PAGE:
The last several years have shown that racism is alive and well in America. It is not just that some people are racist, though that is true, but that there is an underlying current of racism in American society, called systemic or structural racism. Here are two videos by Phil Vischer (of VeggieTales fame) from which I learned a lot about racism in America.
Much of what Phil talks about is the history of systemic or structural racism in the last 60+ years, that is racism that is built into society and our laws. It does not make for a level playing field with people of color not being treated equally. Phil lays out a good argument why this is the case. It is worth watching both videos. Part 2 answers the common questions and objections to the first video.
To bring up one point that really struck me is the typical white household ($171,000) has 10 times more wealth than the typical black household ($17,150). (6.7 times if you include the atypical households.) Much of the wealth is usually found in home ownership, and it is also one of the best ways to grow your wealth. The lack of wealth limits your options. This is in part due to the policies of the past and present, such as redlining, which is the systematic denial of services (e.g. house loans) by the government and the private sector.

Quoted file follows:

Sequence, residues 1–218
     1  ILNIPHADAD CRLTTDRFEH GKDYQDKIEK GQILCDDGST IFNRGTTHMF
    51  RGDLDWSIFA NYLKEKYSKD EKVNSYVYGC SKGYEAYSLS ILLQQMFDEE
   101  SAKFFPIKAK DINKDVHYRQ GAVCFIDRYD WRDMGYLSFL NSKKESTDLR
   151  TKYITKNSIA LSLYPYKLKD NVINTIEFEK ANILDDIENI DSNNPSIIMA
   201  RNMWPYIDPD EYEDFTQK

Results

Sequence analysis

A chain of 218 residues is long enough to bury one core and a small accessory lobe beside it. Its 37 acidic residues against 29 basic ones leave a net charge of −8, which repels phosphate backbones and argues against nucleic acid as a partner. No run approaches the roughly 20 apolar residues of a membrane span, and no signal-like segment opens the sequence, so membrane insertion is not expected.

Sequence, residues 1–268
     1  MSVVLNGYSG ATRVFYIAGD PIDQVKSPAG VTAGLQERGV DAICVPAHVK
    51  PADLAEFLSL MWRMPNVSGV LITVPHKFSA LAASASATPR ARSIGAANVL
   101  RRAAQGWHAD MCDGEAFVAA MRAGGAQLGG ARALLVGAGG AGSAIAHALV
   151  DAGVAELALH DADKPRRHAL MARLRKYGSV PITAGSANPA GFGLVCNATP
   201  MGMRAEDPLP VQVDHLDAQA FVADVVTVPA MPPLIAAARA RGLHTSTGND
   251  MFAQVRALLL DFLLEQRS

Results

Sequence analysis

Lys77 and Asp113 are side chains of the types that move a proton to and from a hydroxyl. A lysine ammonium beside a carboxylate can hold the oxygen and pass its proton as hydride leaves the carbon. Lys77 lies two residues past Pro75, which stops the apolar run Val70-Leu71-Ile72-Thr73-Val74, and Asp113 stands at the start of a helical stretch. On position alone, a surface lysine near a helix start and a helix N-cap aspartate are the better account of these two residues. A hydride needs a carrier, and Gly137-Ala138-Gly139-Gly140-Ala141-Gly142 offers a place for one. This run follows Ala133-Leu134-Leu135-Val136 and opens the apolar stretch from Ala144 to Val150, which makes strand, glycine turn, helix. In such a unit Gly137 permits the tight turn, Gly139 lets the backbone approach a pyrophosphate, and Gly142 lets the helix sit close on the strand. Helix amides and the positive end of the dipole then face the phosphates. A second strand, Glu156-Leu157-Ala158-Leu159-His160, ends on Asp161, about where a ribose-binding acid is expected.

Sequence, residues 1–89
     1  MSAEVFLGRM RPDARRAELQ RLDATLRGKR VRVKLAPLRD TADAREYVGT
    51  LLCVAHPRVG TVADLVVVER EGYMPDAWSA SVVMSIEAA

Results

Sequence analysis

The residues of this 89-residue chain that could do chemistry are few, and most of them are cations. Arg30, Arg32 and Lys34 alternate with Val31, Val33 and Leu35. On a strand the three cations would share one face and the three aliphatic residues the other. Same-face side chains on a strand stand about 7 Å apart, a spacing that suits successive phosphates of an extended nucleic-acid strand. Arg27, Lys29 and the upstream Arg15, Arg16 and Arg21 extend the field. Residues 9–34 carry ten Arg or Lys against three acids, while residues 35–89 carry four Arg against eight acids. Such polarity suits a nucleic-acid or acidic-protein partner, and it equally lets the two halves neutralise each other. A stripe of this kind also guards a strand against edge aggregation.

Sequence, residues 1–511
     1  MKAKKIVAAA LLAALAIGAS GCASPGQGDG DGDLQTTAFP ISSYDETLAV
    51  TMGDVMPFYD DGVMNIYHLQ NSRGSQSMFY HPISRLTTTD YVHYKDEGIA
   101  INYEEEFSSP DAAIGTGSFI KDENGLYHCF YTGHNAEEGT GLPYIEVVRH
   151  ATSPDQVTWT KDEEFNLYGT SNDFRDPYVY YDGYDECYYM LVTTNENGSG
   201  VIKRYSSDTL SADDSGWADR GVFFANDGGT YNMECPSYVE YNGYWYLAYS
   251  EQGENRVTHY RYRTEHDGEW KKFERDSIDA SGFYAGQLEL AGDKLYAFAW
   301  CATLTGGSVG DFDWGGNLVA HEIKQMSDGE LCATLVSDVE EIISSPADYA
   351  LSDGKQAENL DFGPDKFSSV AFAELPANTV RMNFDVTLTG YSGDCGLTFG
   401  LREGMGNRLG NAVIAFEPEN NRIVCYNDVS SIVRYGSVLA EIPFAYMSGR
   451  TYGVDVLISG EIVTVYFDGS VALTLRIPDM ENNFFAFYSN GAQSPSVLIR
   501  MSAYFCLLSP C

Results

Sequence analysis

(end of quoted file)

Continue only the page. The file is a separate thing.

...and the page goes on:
Racism is a complex problem with no simple solutions. Many people of color have been kept in poverty, intentionally and unintentionally, by white Americans and by American laws. Because this has gone on for generation after generation, many black people, especially men, have lost all hope. They see no way out of their poverty. Many have stopped trying.
The Bible speaks quite clearly about racism being wrong and that all are equal in the sight of God. Here are a few phrases from the Bible:
- Here there is not Greek and Jew, circumcised and uncircumcised, barbarian, Scythian, slave, free; but Christ is all, and in all. (Colossians 3:11)
- For God shows no partiality. (Romans 2:11)
- But if you show partiality, you are committing sin (James 2:9)
The result of racism is oppression. What does the Bible have to say about oppression?
- The Lord is a stronghold for the oppressed, a stronghold in times of trouble. (Psalm 9:9)
- Whoever oppresses a poor man insults his Maker, but he who is generous to the needy honors him. (Proverbs 14:31)
- Learn to do good; seek justice, correct oppression (Isaiah 1:17)